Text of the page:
Joseph Cowen and Popular Radicalism on Tyneside 1829-1900, by Joan Allen
Published by Merlin Press in 2007, 245 pages. Paperback (N2872)
Brand New Book
This book is the first full length study of Joseph Cowen, (1829-1900) a newspaper magnate, radical activist and Liberal MP who represented Newcastle from 1874 to 1886. The Times noted of him:
He contrived, during the dozen years in which he represented Newcastle in Parliament, to impress his individuality in a remarkable manner, not only upon the constituency which elected him, but also to some extent upon the country at large. Short of stature, uncouth in dress and figure, and speaking a tongue the peculiarities of which are admired only by those to the manner born, he commanded, in his early appearances in Parliament, anything but respect. Among other peculiarities he introduced to Parliament the flat felt hat which forms the Sunday headgear of the Northumbrian pitman. Though not a miner, but an owner of several coal mines, Mr. Cowen was not essentially different, either externally or intellectually, from some of the rough, keen colliers of Northumberland to-day, whose recreations are divided between an ardent pursuit of outdoor sport, which customarily taken the humble form of rabbit-coursing, and a mental activity and grasp which are rarely to be found among the working people in other parts of the country.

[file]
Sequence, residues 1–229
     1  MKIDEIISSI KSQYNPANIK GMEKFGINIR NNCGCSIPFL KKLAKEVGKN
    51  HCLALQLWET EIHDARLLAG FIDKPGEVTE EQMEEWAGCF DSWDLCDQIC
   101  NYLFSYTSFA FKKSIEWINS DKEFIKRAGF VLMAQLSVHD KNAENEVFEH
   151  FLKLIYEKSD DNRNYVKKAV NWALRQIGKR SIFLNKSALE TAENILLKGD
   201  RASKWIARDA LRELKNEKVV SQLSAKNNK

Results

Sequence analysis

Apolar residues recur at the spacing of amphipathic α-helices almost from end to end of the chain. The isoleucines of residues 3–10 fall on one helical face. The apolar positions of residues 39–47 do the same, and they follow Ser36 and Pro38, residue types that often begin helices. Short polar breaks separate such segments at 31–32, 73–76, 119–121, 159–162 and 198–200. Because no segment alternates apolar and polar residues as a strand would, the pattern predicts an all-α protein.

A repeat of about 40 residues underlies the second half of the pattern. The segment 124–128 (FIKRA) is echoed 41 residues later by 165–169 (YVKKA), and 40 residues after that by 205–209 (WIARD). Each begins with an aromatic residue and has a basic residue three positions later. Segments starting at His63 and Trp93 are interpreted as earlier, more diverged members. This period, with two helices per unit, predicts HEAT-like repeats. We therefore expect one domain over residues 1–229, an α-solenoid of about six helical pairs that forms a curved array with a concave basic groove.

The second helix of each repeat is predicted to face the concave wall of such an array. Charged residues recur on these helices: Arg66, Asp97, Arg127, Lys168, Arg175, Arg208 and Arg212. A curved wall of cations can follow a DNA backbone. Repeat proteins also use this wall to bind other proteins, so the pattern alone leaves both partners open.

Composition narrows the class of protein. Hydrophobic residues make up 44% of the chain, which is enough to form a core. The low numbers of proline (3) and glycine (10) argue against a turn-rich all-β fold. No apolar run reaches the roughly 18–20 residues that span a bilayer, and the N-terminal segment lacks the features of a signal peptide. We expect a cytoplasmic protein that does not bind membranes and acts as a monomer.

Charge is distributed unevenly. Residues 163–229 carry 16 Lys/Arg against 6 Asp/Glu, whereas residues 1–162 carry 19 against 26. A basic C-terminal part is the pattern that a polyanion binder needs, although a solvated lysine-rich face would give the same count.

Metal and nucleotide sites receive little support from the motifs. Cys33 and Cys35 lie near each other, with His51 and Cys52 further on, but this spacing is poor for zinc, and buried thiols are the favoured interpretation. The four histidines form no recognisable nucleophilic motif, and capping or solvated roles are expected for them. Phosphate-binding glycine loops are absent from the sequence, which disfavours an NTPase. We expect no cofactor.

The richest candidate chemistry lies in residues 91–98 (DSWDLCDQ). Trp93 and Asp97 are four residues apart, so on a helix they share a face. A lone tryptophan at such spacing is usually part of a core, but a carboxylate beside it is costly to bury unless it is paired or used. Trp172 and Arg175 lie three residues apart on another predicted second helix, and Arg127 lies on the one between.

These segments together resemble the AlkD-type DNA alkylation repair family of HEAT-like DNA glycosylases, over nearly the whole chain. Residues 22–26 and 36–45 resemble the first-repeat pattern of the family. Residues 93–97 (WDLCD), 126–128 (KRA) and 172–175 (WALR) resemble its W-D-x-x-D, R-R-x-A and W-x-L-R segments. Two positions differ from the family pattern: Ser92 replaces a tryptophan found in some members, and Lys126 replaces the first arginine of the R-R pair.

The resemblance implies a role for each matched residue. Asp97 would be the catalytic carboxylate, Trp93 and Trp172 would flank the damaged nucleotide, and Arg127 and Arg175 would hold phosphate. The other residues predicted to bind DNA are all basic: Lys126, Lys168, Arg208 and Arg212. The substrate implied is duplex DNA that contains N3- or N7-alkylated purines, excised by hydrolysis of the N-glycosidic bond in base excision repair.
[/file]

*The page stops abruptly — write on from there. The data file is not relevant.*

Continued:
During his political career he drew upon a coalition of support from working class associations, the Irish community and regional interest groups. At home and abroad he championed the cause of the underdog and enjoyed close friendships with Mazzini and Garibaldi, Kossuth of Hungary and the Irish Nationalists.
This study breaks new ground by bringing together ethnic and urban studies, and considers the role of the press in building a radical power base.
Their is a small publishers price sticker on the rear side cover.